This article continues my series on Dan Harmon’s view of story structure. Here’s a link to the first article: Dan Harmon On Story Structure.
Part 5: FIND - Meeting With The Goddess
The job, the function, of the Road of Trials (Part 4) is to prepare the protagonist for his—or her—meeting with the Goddess. Though, she may not be quite what you thought you she was.
At the midpoint our hero is, metaphorically, in the depths of their psyche, in the dark, deep, depths of the unconscious so things are about to get wacky. Harmon writes, “Anything goes down here. This is a time for major revelations, and total vulnerability. If you're writing a plot-twisty thriller, twist here and twist hard.” (Story Structure 104)
As we’ve seen, the cave of the goddess is a strange, weird place where anything can happen. At this point the character, the protagonist, is blessed (or cursed) with a major revelation, an epiphany. As a result they have a deeper understanding of life the world and everything, including what they’ve been doing wrong.
The Role of Choice
It’s important the hero makes a choice, so it’s important there are choices to make. For instance, Does the protagonist save her ally’s life even though it could cost them the object they were seeking? Does the protagonist do the selfless thing even though doing so would almost surely cause the quest to fail? Does the protagonist admit to herself that she’s in love even though that admission could cost her everything she holds dear? And so on.
Whatever the choice is, it’s important the protagonist has time for reflection. This is a big choice and an important plot point. Even though it’s tempting to move on, give this moment the page space it deserves.
Exactly what do we mean by “The Goddess”? Dan Harmon writes:
“[...] the goddess doesn't have to be a femme fatale or an angelic damsel. In an all-male or all-female play that takes place around a poker table, the "goddess" could be a character's confession that they lost their job. The goddess can be a gesture, an idea, a gun, a diamond, a destination, or just a moment's freedom from that monster that won't stop chasing you.” (Story Structure 104)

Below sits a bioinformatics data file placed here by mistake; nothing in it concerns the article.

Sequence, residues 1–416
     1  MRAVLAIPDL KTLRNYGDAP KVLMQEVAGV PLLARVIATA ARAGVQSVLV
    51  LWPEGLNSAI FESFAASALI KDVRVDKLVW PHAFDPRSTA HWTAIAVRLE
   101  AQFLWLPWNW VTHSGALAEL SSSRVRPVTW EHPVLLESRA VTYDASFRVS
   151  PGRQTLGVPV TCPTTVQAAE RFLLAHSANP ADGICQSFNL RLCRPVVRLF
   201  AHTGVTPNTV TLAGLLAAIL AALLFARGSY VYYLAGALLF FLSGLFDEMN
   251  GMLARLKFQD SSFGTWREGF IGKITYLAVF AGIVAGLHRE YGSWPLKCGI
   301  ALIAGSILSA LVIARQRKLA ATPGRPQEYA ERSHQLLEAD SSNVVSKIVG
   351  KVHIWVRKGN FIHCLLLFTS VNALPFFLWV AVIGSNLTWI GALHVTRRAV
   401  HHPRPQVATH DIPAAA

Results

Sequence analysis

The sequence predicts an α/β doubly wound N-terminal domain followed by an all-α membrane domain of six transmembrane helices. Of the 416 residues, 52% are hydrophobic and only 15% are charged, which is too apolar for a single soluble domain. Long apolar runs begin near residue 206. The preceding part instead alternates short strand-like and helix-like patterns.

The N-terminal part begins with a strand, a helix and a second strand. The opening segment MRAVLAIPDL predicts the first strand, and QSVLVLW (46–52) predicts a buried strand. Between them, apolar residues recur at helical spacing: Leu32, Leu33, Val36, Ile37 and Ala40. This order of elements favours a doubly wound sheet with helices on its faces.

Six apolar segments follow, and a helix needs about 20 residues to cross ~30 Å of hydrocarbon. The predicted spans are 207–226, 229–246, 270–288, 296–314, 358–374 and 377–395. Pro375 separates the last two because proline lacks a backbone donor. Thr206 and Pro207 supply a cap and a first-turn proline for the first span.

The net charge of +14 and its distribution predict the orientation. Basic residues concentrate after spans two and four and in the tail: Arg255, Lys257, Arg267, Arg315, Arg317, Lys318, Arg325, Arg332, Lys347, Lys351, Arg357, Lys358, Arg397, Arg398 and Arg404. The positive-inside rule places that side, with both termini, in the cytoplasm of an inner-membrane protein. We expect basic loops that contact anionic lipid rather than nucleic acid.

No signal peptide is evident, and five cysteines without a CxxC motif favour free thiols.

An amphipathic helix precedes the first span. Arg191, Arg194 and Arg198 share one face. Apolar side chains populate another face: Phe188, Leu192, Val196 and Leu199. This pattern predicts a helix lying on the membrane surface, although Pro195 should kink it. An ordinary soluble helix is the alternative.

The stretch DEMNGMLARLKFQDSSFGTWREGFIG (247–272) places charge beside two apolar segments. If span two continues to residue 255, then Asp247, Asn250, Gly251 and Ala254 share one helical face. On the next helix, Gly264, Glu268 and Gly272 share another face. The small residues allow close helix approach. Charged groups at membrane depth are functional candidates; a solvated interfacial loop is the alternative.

The Role of The Goddess
Although The Goddess doesn’t mean only one thing, meeting with her (whatever form she takes in the story) is dangerous and guaranteed to transform the protagonist, changing how they think about themselves and the world around them.
Sometimes this midpoint change benefits a character and makes it easier for them to achieve their goal, sometimes it devastates them, warping them forever (e.g., The Craft).
In any case, this is a moment of inner and outer transformation, for either good or ill. Dan Harmon writes:
“In Die Hard, John McClane, having run over broken glass, is sitting in a bathroom, soaking his bloody feet in the sink. It is at this moment that he finally realizes the true extent of his love for his wife, and what he's been doing wrong in their marriage. He (1) has been too stubborn (2). He uses his walkie talkie, acquired in step (4), to give a message to his wife through his benevolent, happily married, gun-shy counterpart: ‘She's heard me say 'I love you' a thousand times...but she's never heard me say I'm sorry.’”
There’s two things here. First, the action, the pursuit (Part 4), then a pause for reflection, a pause in which the protagonist has a profound revelation, an epiphany, one that changes their understand of both themselves and the world.
At The Midpoint The Hero Switches From Passive To Active
At the Midpoint the hero switches from (mostly) passive to (mostly) active. Also, notice the mirroring going on here. Dan Harmon notes that the protagonist goes from the mama’s boy of Part 1 to a lady’s man (Part 5). He writes:
“You might have noticed that, just as (3), the crossing of the threshold, is the opposite of (7) the return, (5), the meeting with the goddess, is the opposite of (1), the protagonist's zone of comfort. Think of (1) as being the arms of mother, however dysfunctional she might be. (5) is a new form of mother, an unconscious version, and there is often a temptation to stay right here. Like at that elf guy's house in Lord of the Rings.” (Story Structure 104)
Harmon advises us to mark this transition with a definable moment. He writes:
“If this is a story of a poor little girl (1) who dreamt of being rich (2) and got adopted by a millionaire (3), having become accustomed to her new lifestyle, (4), she might now be something of a fancy pants (5). Show it with a definable moment. This might be a good point for her to drive by the orphanage in her limousine.” (Story Structure 104)
That’s it for today! Next time we’ll continue the ascent back to the Ordinary World by looking at Part 6: Taking what one has found and paying the price.